Understanding multiple antibiotic resistance

A story about a forgotten freezer box

Go to the profile of David Grainger
Nov 13, 2017
2
0
Upvote 2 Comment

The paper in Nature Communications is here: http://go.nature.com/2yWJkUF

This paper owes a lot to the wonderfully serendipitous events that sometimes occur in research science. Some 14 years ago, as a fledgling post-doc in Steve Busby’s lab, I was interested in understanding how an AraC-XylS family transcription factors could interact with RNA polymerase to control gene expression in Escherichia coli. Our system of choice was the melibiose operon that is regulated by an AraC-XylS family protein. Other laboratories were working on similar regulators and, of particular relevance to this story, is the laboratory of Lee Rosner and Bob Martin at the National Institutes of Health (NIH) in Bethesda. Together, Lee and Bob were having great success using structural biology, genetics and biochemistry to piece together how the MarA bound to DNA and made contacts with RNA polymerase to control transcription.

In late August 2004, I visited Bob (unfortunately, Lee was travelling) at the NIH to discuss our shared interests in AraC-XylS family regulators. At the time, along with Joe Wade, I had just started to apply chromatin immunoprecipitation in E. coli. Whilst in Bethesda, Bob and I hatched a plan to try such experiments with MarA. At the time, I had zero interest in antibiotic resistance, I just wanted to know how AraC/XylS type regulators worked! Looking back through my notes I can see that Bob sent me a parcel on November 24th 2004 containing the strains and antibodies that would be required for the experiments. I commenced work five days later and initially had some success probing immunoprecipitated DNA for enrichment of known MarA binding sites. I continued working on the project until July 2005 and, although we experienced success mapping global RNA polymerase binding in mar inducing conditions, we were never able to obtain a genome wide DNA binding profile for MarA. At that point, the materials that Bob had sent were stored in the freezer and remained there for almost 10 years.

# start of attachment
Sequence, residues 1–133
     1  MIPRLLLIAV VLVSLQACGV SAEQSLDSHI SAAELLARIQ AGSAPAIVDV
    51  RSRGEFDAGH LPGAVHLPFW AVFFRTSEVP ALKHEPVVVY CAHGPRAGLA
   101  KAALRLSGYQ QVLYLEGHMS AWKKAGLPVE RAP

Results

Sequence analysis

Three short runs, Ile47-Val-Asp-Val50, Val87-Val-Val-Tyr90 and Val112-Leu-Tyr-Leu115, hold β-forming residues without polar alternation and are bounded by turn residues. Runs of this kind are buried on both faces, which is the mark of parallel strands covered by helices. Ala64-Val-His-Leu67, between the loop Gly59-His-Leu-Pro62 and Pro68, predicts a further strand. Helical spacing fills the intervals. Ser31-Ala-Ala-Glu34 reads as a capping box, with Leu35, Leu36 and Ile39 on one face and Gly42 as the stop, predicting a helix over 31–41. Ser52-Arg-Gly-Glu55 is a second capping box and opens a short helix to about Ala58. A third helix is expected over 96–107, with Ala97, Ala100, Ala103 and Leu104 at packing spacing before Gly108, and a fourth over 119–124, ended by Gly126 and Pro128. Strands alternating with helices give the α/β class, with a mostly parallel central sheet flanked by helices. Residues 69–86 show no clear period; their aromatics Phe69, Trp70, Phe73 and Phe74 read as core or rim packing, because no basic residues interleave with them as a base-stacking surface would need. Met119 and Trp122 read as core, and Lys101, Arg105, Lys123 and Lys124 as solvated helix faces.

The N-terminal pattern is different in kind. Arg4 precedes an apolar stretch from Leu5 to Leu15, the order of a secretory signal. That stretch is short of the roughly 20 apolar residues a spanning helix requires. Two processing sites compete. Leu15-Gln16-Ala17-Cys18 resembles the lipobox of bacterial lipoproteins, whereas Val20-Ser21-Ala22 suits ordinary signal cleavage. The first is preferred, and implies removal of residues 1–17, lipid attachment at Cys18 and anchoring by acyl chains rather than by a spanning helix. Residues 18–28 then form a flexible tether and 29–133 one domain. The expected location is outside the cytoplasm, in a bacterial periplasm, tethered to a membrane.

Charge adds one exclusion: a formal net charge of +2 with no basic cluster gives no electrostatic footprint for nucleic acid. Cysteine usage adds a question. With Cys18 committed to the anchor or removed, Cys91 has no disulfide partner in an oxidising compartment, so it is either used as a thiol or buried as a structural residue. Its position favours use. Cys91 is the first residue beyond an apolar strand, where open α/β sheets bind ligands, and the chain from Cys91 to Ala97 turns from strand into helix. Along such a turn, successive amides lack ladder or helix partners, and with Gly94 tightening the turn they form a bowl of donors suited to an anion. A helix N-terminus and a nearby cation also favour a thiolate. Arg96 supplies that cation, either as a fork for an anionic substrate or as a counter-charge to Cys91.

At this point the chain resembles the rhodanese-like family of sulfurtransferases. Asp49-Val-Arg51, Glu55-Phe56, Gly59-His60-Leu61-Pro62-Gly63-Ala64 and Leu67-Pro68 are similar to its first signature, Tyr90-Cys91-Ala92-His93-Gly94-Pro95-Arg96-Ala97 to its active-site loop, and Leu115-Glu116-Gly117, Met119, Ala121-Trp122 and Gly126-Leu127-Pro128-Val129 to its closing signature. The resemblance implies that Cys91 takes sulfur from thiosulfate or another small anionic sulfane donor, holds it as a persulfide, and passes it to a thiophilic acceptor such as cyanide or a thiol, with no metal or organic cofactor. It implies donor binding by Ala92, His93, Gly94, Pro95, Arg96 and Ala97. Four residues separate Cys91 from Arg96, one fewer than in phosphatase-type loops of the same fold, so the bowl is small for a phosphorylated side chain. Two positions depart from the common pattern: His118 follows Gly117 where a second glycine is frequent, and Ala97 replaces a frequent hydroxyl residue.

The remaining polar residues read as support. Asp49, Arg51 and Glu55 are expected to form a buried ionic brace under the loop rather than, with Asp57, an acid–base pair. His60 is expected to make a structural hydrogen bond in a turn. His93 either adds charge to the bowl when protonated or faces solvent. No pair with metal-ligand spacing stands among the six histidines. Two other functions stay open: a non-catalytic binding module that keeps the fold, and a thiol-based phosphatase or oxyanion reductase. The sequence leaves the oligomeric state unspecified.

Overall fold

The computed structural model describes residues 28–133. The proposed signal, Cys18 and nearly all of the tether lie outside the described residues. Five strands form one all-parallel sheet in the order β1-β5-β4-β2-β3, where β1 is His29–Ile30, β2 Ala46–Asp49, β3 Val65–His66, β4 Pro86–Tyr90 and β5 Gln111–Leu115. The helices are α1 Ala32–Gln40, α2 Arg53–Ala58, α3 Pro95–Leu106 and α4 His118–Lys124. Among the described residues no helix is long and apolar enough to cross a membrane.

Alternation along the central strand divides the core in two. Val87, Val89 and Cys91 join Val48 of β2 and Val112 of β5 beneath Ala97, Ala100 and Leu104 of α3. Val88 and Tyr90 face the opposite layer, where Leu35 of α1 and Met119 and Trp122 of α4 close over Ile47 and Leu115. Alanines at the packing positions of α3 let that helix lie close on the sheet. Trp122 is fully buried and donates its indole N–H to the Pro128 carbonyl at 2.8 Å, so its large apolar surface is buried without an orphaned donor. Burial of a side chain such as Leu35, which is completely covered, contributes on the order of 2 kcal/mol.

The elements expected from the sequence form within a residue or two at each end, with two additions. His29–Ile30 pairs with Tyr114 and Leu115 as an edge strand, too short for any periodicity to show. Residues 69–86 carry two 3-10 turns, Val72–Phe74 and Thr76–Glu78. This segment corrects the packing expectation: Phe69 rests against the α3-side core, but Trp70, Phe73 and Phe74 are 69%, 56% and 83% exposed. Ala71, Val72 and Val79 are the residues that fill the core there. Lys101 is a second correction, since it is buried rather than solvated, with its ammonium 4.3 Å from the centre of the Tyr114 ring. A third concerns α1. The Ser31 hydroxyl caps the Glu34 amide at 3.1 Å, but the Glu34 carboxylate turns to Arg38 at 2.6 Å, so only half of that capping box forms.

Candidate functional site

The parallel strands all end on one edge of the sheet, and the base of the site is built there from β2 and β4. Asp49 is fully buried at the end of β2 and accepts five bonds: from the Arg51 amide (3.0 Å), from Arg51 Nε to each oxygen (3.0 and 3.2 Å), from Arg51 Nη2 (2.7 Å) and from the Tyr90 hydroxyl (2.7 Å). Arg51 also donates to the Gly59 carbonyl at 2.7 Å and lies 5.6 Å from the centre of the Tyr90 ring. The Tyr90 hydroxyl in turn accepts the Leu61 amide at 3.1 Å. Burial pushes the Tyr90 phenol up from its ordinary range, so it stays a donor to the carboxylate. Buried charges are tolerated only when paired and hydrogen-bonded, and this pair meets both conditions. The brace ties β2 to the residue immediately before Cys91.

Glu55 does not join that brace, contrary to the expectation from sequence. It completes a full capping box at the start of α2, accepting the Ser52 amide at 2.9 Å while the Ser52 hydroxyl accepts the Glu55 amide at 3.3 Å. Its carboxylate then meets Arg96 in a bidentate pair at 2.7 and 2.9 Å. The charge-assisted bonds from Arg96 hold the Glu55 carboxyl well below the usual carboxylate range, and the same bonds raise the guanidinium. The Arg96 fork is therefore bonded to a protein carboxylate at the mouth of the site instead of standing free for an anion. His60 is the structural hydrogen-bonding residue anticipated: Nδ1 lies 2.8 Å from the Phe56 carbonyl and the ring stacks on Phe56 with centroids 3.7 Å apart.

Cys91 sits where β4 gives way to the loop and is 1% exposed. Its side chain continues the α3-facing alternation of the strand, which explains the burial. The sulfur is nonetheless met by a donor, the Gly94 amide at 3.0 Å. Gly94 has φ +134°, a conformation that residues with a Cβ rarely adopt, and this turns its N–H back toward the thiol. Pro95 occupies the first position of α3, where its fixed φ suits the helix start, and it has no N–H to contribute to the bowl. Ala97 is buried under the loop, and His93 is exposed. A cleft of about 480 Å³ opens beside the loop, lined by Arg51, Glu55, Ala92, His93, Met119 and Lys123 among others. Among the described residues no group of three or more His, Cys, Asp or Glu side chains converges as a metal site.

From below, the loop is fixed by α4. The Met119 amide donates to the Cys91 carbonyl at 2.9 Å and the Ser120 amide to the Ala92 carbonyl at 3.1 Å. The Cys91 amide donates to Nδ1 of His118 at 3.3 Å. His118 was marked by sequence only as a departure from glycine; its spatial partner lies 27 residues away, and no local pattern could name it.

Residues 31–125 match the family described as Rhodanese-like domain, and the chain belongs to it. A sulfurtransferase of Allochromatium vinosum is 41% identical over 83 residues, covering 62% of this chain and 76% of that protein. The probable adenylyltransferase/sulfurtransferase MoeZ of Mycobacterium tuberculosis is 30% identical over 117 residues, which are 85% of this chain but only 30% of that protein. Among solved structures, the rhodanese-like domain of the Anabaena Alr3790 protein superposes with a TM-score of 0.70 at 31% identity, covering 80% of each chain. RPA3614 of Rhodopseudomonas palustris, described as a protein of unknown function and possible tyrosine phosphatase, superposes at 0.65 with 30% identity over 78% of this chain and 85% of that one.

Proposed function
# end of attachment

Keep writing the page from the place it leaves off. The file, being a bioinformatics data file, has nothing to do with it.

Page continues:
In March 2015, on a train journey back to Birmingham, I was considering our next grant application and received an email highlighting current funding initiatives. Among these, was a call for grants on antibiotic resistance. I remembered the long forgotten box in the freezer. Several days later Prateek Sharma, a hardworking PhD student nearing the end of his first year, asked about trying some new experiments. This was the impetus to rekindle work on MarA after so many years. I warned Prateek about the problems I’d had back in 2004 but he insisted on trying anyway. He experienced success within weeks. That got the ball rolling and the project has now generated its first publication. Of course, the nicest part of the whole project was getting in touch with Bob and Lee again after so many years. Their approval was the icing on the cake.       

You can read our paper here http://rdcu.be/ypZC

 

Go to the profile of David Grainger

David Grainger

Professor, University of Birmingham

No comments yet.